Do you ever have that one secret you keep? You know, the one that if you shared it, it would either make you feel like a totally new person OR have horrible consequences once you let it out? Yeah, I've got that secret and have held onto it for over five years. And TODAY is the day I tell you. Will I feel new? Or will I regret it? To tell you the truth, I honestly don't care.
A little over five years ago - nine months after the birth of Piper - I was diagnosed with colitis.
All my life I have had problems with my colon, woohoo, fun stuff people! It started to progressively get worse when I was a teenager, but that solely had to do with "not being able to go" if you catch my drift. And I suffered through that with a few trips to the hospital and enemas that followed. It was awful, so I thought, but it was my life, and I accepted it. I tried all sorts of medicines - mostly laxative based ones that would curl me up in a ball, the pain was so terrible. They worked for a day and then I was back to square one the next day.
When I got pregnant with Piper, all my problems seemed to go away. It was the first time I was "regular" and man did it feel good. Then nine months after I had her, I started to get totally different systems then I had earlier. My stomach was always a mess, I could not keep anything in, and I started to lose weight. Now in the beginning, I admit that was not such a bad thing. But, after I continued to lose, even I started to get worried.
I went to the Dr and it revealed the colitis. To stop the symptoms, they put my on prednisone - a steroid based drug. I read up on the side effects of this and it scared the shit out of me - no pun intended. Reluctantly I started taking the drug and the symptoms seemed to clear up. I tapered off the drug for awhile and when I did my symptoms seemed to get even worse. I went back to the Dr and had ANOTHER colonoscopy done.
Side bar - People I am the queen of colonoscopies. I've had 6 at the ripe ol' age of 34. The only positive thing I can say about them is I sleep like a baby afterwards!
This test showed that my colitis had gotten progressively worse and turned itself into ulcerative colitis - meaning part of my colon and rectum was covered in ulcers/lesions. Isn't this fun?! My life really ceased to exist at that point. I could not go out to eat or out in public for fear I would not have enough time to make it to the bathroom. ANYWHERE I went I had to make sure that 1) I had not eaten several hours before or 2) There had to be a bathroom close. EVERYWHERE I WENT I had to know these things.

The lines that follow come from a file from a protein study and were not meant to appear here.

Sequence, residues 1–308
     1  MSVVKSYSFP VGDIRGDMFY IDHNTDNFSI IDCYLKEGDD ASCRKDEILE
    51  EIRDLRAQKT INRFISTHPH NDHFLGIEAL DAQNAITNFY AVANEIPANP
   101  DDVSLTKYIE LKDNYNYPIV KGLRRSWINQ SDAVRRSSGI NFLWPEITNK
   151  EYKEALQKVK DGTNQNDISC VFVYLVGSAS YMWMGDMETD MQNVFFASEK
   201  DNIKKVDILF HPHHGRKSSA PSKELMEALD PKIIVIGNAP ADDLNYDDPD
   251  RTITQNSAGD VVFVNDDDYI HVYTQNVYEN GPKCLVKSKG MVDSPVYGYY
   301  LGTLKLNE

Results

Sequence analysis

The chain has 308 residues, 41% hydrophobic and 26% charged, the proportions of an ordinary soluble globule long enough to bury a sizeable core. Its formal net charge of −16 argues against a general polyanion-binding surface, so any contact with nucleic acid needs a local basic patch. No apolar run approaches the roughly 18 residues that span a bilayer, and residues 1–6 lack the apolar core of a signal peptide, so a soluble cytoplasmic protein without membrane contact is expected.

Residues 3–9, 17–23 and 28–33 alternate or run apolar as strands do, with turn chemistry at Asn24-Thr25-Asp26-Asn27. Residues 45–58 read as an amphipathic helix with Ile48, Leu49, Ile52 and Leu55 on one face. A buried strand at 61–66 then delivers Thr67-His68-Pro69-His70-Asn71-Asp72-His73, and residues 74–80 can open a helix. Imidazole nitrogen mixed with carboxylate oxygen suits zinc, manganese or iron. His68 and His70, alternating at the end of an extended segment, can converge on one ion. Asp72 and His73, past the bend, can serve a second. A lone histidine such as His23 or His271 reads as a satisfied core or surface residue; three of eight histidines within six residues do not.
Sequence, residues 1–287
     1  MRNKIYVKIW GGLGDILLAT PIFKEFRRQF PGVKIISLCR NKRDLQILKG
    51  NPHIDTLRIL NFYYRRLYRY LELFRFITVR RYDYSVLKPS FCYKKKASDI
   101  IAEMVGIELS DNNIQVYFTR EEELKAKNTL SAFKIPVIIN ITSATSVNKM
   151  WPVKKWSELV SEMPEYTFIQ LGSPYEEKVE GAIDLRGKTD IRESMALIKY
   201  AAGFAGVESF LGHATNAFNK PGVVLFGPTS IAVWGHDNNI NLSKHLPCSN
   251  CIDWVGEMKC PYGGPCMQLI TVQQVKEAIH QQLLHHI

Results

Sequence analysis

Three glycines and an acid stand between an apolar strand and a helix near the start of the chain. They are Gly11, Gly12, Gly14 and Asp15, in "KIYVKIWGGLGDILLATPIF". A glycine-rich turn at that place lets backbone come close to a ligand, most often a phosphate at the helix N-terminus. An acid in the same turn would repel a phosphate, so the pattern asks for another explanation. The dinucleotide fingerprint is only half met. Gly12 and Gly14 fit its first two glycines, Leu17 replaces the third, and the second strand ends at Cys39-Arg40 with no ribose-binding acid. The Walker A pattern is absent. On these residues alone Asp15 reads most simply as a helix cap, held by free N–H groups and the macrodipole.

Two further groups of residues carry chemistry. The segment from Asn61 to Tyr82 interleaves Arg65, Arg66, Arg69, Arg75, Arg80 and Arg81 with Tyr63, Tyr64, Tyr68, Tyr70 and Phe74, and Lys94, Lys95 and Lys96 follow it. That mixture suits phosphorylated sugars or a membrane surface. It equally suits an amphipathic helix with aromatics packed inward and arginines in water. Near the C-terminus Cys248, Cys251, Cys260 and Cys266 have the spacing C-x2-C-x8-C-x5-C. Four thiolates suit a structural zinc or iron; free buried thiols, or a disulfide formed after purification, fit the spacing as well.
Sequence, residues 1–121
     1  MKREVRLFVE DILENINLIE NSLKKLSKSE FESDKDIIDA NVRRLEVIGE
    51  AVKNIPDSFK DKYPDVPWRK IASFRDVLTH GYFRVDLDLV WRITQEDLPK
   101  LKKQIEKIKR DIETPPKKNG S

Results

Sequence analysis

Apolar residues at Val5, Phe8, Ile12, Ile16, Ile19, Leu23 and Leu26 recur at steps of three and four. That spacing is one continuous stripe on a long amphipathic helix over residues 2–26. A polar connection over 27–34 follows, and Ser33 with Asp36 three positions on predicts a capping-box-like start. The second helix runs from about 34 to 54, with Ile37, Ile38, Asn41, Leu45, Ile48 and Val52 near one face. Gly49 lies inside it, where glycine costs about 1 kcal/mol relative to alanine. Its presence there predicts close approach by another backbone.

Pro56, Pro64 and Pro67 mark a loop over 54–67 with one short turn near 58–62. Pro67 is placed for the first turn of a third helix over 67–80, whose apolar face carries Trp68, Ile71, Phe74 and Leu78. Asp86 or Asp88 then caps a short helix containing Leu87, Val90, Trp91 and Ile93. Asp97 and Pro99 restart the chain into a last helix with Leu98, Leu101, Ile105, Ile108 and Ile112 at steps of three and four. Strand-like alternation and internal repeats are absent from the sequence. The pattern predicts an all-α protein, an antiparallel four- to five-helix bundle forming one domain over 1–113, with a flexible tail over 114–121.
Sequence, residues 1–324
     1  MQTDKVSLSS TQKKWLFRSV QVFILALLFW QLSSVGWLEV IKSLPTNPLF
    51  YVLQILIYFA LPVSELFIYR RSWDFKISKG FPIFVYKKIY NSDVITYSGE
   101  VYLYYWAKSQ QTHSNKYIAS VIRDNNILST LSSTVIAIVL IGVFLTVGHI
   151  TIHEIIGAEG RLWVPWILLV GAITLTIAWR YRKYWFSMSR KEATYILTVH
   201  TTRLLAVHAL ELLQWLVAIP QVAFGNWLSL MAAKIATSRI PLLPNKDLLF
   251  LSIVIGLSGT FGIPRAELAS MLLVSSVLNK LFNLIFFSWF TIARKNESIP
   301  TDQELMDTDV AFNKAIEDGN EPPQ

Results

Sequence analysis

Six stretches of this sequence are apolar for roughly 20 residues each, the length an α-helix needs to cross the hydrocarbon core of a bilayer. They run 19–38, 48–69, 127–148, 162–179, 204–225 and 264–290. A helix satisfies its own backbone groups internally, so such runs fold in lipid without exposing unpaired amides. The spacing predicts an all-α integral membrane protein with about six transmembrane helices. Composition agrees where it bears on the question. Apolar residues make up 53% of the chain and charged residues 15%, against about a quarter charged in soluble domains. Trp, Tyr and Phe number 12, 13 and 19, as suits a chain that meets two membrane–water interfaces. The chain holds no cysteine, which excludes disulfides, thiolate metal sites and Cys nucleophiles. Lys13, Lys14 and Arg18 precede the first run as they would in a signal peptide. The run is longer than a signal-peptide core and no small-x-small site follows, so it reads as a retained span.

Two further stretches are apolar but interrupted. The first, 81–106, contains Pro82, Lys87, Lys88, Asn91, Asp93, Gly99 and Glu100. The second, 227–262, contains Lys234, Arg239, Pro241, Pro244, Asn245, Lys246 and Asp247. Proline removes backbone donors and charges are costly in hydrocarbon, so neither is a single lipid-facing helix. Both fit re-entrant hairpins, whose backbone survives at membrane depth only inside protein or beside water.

For those who know me, this was debilitating. It's an incredibly dirty and humiliating disease. You never feel clean and for me it made me feel horribly unattractive. I was and still am a very healthy person - on the outside. I'm very into fitness and eating healthy and with this disease, I couldn't comfortably do the things I loved to do. It consumed my every thought. I no longer had control over my body. My weight got down to 132lbs (and I'm 6' tall).
I remember telling Mark at one point, I honestly thought this disease was going to kill me.
Now people, I am stubborn - one of the most stubborn people I know. While I was sick and losing all sorts of fluids - namely blood, I still worked out. It made me feel like I had some ounce of control of my life. If you ask my ex-husband, he would say this made it worse. If you ask me, it helped me maintain my sanity.
I went through stages for about 3-4 years of being in remission to "having a flare-up". You learn these fun terms when you have colitis. "Hey, how are you?" "Great, just gotta minor flare in my ass, thanks for asking!"
I finally started to see another Dr and she gave me hope that things would get better. We started a new treatment - still taking the steroid at a higher dose - and added in a drug called Asacol. That drug, for me, has been a Godsend. I feel better than I have in a long time. I feel like I have got my life back.
Over the years, I have learned what foods to eat and what foods to stay away from - that will be a part of my life forever, unfortunately. But if you ask me, it's a fantastic trade off for feeling healthy.
In three weeks, I am going to run a half-marathon. This is unbelievably overwhelming and a huge accomplishment on so many levels. When I was diagnosed, I could not run for longer than a mile or two because it would jar my colon so much that I had to stop and run to the bathroom. I thought I would be deprived of doing one of the things I loved to do most in this world. Take that colitis and p.s. you can suck it!
I find myself getting upset with people who take their health for granted - people who have the ability to exercise and maintain their health, but chose to make excuses as to why they can't. I have little sympathy for that. I've become jaded in that regard and I'm afraid it's something I'll never get over. I get upset with family members who know I have this disease, but don't take the time to really understand what it's about and how hard my life has truly been for these five+ years.
On June 4, at 7am, I am running not just for me, but for all the people out there who suffer from some sort of disease that they feel they have no control over. And the people who will be there cheering me on are the people who have held my hand and seen me cry because I had almost given up hope of conquering this monster. I am most grateful for those handful of people.
400 N. Stanley Avenue
1 week ago